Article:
Pride began as a riot, and every June, there’s a riot of celebration that descends upon our cities, parties, and parades. Dull, dusty affairs like bingo and story hour are made fabulous by attendant drag queens. Music pours out of speakers set to 11 and rainbows paint the buildings, the clothing, the ground, and even the very air we breathe. It’s a glorious celebration of the LGBTQIA+ community, a cascade of beautifully diverse bodies coming out in connection from sea to shining sea.
It is also a living nightmare.
Beautiful from afar, panic up close
I came out in my 30s, and for years prior, I had considered Pride events a safe place to dip my toe into the unknown waters of queerness and explore my identity before I was ready to claim the name. But both before and since coming out, going to Pride has required a massive self-psych-up session that had nothing to do with queerness and everything to do with sensory overload.
I’ve been described as shy, quiet, an “old soul,” an introvert. As an adult I’ve played with the idea that something neurological sets me apart from my peers, but since self-diagnosis is a dangerous game with no winners, I’ll say only this—the same things that bother and baffle my students on the autism spectrum confound me as well.
Regardless of the label, for me, Pride’s extravagance and exuberance are beautiful to witness from afar but hellish to participate in. The cacophony of sound and sight sends me into panic mode, causing me to cling to any vaguely familiar face and cower in a corner, gasping for a respite.
All of this, of course, is internal. Externally, I simply become a closed-off killjoy with a high, tight smile that radiates “don’t talk to me.” Self-preservation prohibits connection, which negates the point of going to Pride in the first place.
It would be easy to write this off as a Philadelphia problem—cities are by nature loud and crowded, and Philly’s celebrations are entrenched in history—but even in small, suburban towns where the celebration spans all of a block and Pride events are in their infancy, quiet coffeehouses erupt in heavy bass and pulsating bodies, cutting me off from the very places I naturally seek out.
Even though LGBTQIA+ spaces seem to be diametrically opposed to the mainstream, they actually exist as a microcosm. White, cisgender, able-bodied, thin men are the face of the movement, with all the attendant racism, transphobia, ableism, fatphobia, and sexism entrenched in our society reflected back to us in an allegedly safe space. Here, as in the mainstream world, extroverts are the gold standard of personality while introverts run a spectrum that veers dangerously close to pathology. You can be queer or you can be quiet—never both.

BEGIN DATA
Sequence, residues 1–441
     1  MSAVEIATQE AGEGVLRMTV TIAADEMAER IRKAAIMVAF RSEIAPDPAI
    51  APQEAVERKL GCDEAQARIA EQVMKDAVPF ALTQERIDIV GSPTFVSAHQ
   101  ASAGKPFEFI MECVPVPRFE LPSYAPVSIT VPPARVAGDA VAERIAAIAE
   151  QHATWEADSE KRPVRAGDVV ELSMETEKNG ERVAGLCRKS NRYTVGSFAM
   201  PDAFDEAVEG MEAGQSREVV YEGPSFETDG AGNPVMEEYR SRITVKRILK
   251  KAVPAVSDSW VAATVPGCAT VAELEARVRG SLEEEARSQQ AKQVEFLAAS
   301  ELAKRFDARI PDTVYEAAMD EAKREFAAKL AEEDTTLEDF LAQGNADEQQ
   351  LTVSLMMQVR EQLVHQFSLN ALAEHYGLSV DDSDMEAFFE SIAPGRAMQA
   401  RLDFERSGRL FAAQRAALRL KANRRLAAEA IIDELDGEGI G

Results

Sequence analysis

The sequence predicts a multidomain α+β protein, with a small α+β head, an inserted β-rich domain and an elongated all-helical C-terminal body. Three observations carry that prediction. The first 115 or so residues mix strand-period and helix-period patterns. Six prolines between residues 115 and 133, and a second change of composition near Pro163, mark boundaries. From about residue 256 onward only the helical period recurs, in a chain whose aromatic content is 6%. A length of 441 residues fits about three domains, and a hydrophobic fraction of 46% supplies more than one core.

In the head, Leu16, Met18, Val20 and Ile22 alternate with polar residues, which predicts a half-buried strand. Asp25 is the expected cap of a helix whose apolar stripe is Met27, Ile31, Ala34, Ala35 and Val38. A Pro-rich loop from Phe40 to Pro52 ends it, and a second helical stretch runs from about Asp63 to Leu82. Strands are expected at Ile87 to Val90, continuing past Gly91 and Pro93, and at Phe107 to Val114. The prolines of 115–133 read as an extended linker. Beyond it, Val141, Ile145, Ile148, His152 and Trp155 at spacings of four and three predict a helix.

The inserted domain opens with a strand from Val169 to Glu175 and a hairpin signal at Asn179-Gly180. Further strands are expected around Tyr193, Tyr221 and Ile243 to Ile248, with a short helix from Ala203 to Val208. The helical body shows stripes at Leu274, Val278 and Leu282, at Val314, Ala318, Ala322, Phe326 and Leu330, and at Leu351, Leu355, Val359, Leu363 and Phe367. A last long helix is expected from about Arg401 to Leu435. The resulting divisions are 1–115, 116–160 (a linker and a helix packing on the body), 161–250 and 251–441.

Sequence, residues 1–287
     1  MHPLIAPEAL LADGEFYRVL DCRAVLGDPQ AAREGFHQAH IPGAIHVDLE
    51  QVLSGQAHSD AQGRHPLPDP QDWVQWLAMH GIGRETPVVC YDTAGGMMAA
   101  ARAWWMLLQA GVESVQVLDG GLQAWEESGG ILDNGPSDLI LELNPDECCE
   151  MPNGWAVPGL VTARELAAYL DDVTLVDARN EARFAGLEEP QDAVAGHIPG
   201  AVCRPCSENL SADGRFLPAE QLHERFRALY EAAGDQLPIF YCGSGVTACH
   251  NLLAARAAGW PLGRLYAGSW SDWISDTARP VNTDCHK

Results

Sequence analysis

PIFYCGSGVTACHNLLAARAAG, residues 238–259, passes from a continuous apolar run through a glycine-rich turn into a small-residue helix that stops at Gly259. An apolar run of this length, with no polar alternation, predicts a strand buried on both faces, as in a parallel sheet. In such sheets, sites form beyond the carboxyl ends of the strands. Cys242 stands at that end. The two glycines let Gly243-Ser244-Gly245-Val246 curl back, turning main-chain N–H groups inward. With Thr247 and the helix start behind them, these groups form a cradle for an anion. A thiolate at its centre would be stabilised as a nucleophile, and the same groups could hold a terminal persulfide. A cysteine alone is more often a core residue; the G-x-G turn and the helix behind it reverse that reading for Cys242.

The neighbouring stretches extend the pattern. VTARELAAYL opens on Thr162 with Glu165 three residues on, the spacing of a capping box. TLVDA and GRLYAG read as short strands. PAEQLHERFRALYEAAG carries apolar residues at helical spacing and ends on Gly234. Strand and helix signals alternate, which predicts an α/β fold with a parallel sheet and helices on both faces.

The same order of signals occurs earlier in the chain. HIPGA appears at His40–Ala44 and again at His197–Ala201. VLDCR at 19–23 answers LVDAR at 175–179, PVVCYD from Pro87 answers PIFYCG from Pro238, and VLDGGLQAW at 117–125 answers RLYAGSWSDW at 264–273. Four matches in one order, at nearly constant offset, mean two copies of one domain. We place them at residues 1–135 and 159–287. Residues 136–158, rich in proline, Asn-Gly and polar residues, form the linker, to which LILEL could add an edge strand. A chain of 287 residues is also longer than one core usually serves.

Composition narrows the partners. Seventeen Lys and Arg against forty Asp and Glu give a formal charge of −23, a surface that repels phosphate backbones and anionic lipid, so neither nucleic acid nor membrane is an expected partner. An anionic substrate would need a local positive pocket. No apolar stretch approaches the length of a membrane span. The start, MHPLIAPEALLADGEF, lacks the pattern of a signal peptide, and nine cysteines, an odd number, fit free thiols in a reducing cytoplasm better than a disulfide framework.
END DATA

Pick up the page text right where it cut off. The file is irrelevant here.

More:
The comfort zone
There’s an adage that life begins at the end of one’s comfort zone, and to an extent that’s true. In terms of travel, new experiences, and the pursuit of knowledge, complacency is the enemy. But when I want to simply exist as myself in my community, I’m continuously forced to perform a personality that’s diametrically opposed to my reality.
Pride is supposed to celebrate authenticity, but the more I try to be part of the experience, the more I have to prioritize my queerness over my introversion, even though I am both things all the time no matter how many people and rainbows surround me. I can gather my wits enough (with the help of well-applied libations) to fake extroversion for a few hours, but if queer spaces require an alcohol-induced façade, it feels like I’ve merely traded one closet for another.
There’s always the Internet. Online forums and social media were a place where I could safely claim labels like “bisexual” and “queer” without ever once vacating the comfort of my couch or sacrificing a valuable Netflix binge. I count a treasured handful of people with whom I’ve never shared any physical space as not only friends but mentors. However, a community confined to the Internet means that I’m isolating part of myself to one arena instead of existing fully in all of them, and I say that as someone living in a gay-friendly suburb abutting a gay-friendly city, at least in theory.
Privilege means that I can survive fairly easily without the support of an active community. I’m white, able-bodied, cis, and straight-passing, but introversion and queerness cut across all communities. That which I find irritating or exhausting can be isolating and life-threatening to anyone who can’t find a space that accommodates all their realities.
It isn’t that I don’t want to celebrate the glory of Pride and the sheer joy of being visible in a way that defies all the ways the world wants to erase me. I just want to be able to do it in a space that leaves me with elbow room and the ability to hold a conversation. I want to know more about the people I’m meeting than their names and pronouns. I want to feel that my whole self is as welcomed and loved in the space as I deserve to be, because I finally love myself enough to know that I’m worth it. Mostly, I just want to make sure quiet queer, trans, or gender-nonconforming people aren’t being smothered by the celebration. Pride is a time to hear our voices, not drown them out.